On the Desktop
Linux in the news
All in one big page
See also: last week's Linux History page.
Three years ago (March 12, 1998 LWN): Netscape finally came out with the license under which the Mozilla browser would be released. Not everybody liked the MPL, but it was generally seen as an attempt to balance Netscape's interests (being able to release proprietary browsers with Mozilla code) and the need for a free license. Certainly (then) Debian Project leader Bruce Perens was pleased:
This is a historic day for us, since it means that Netscape will eventually be in the "main" part of Debian and all Linux systems, not the "non-free" section any longer!
Ralph Nader started pressing Dell to sell Linux-installed systems. Sun, meanwhile, offered a 70% discount for those willing to upgrade to Solaris 2.6 from Linux.
Development kernel 2.1.90pre was released:
I just put a pre-90 on ftp.kernel.org, and I'm happy to report that Davem seems to have found and fixed the TCP performance problem, which means that the code-freeze for 2.2 is going to go into effect shortly..
Little did we know that 2.2 was still almost a year away...
Two years ago (March 11, 1999 LWN): Echos from LinuxWorld still dominated the landscape, in many forms. The "free software vs. open source" battle raged on:
However, in Stallman's eyes, the programming community is more interested in talking about practical issues, like performance -- an anathema to Stallman. And this conflict is partly why Stallman is marginalized. Most people don't want to talk about freedom. There's been a splintering of the movement: away from free software created by ideologues to open-source software created by business-friendly pragmatists like Torvalds.
In the rest of the world, though, some felt that they needed to counteract some of the attention brought to Linux via bad press:
You implicitly trust a vendor to deliver a product or service as promised. And if the product or service is of poor quality or fails, you have recourse: a lawsuit. Right now Linux is more Woodstock than Main Street. There aren't enough vendors dedicated to the operating system, and it's kind of hard to sue the surfer in Venice Beach, Calif., who gives you poor Linux advice.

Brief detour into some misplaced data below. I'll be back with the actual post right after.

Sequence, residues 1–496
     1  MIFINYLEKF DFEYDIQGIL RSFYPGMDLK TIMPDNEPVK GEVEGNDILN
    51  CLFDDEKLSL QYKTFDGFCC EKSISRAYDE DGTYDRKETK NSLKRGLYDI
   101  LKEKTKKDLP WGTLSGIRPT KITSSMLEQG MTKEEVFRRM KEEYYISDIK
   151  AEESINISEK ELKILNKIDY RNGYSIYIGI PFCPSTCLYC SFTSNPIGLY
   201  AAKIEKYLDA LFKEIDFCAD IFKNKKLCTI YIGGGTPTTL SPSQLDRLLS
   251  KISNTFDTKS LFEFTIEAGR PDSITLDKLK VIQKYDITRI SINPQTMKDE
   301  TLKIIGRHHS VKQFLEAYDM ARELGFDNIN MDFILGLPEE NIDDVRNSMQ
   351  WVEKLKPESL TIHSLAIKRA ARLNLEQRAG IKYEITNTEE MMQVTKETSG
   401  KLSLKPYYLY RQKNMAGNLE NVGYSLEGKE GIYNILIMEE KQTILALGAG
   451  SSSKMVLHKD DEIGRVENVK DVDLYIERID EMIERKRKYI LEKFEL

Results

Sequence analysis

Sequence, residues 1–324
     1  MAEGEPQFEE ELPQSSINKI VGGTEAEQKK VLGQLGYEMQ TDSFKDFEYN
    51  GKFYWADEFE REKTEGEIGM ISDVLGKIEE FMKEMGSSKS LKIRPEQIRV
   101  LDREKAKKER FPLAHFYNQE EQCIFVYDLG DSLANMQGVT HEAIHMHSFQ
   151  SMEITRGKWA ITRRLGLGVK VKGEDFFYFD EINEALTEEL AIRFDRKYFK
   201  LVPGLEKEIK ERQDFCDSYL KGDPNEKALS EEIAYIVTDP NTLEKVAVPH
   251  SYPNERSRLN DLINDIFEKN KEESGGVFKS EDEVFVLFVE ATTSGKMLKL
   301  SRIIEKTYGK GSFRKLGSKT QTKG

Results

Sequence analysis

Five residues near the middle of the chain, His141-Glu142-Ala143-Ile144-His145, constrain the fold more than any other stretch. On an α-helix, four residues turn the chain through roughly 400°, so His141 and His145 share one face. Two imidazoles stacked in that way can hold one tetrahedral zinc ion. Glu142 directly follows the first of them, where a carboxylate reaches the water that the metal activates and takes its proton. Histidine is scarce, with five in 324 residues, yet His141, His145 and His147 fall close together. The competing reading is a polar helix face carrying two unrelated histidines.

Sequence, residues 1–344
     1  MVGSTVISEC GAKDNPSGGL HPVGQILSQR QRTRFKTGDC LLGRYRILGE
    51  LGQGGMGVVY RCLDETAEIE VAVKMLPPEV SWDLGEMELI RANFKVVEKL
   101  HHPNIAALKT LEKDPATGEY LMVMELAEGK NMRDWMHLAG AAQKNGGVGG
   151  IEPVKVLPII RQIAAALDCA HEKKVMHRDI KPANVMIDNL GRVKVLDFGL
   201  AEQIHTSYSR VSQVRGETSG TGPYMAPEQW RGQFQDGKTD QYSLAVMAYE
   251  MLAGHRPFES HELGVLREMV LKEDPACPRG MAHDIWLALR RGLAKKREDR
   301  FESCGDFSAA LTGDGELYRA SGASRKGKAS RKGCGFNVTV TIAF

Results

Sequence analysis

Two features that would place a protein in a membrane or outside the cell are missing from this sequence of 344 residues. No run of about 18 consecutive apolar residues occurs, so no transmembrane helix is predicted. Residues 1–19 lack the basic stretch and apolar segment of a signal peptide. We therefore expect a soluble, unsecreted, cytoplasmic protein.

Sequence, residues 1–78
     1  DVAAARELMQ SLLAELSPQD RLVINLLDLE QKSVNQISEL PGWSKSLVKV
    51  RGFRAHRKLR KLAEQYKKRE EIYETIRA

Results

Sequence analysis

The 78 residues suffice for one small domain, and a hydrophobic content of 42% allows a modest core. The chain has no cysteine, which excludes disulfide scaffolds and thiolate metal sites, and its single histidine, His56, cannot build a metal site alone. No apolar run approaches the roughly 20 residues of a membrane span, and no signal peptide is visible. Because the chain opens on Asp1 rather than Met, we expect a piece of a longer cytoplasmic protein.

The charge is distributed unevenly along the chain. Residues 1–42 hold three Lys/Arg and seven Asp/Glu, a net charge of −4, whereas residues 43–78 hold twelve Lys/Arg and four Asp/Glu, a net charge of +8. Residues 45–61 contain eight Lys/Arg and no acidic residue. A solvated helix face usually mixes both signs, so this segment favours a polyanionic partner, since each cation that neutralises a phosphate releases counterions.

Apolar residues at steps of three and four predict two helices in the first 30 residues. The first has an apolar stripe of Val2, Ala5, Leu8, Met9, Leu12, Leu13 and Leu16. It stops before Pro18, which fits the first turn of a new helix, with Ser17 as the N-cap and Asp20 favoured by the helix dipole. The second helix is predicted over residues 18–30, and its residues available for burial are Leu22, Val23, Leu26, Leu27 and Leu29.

But will Linux find its way into the enterprise and (gasp) the corporate desktop? Don't bet on it. Commercial firms are risk-averse by nature. They are more than willing to pay an OS license for the right to sue somebody if things go wrong.
The "who do you sue" argument seems to have faded over the last two years. Perhaps people have figured out that the number of successful lawsuits against proprietary software vendors is pretty low...
Debian 2.1 ("slink") was released on March 9.
Red Hat announced equity investments from Compaq, IBM, Novell, and Oracle. It was still a big deal back in those days.
One year ago (March 9, 2000 LWN): Free books online were the theme of the week, with the availability of Grokking the GIMP, an updated version of Using Samba, and the first bits of Andrew Leonard's Free Software Project.
Linux-Mandrake 7.0 PowerPack was released.
The OpenNMS project launched 'BlueBird', a free enterprise network management system. Believe it or not, the first stable release of DOSemu was announced, after that system had been used by many for years. Also released was "McKinley," the first preview of the Helix (now Ximian) GNOME desktop.
Bluepoint Linux surprised the world by becoming a publicly-traded company overnight via a "reverse takeover" deal with a shell corporation. LinuxMall.com completed its merger with Frank Kasper & Associates. Meanwhile investors were beginning to complain about Corel's proposed merger with Inprise; Inprise director Robert Coates resigned in protest.
The thinking at this point is that the most likely buyer would be a company like VA Linux, the maker of Linux-based workstations. Acquiring SGI would give that young company established engineering skills, plus entry into businesses that already use SGI systems.
Times have changed somewhat...SGI is now worth four times VA.
March 8, 2001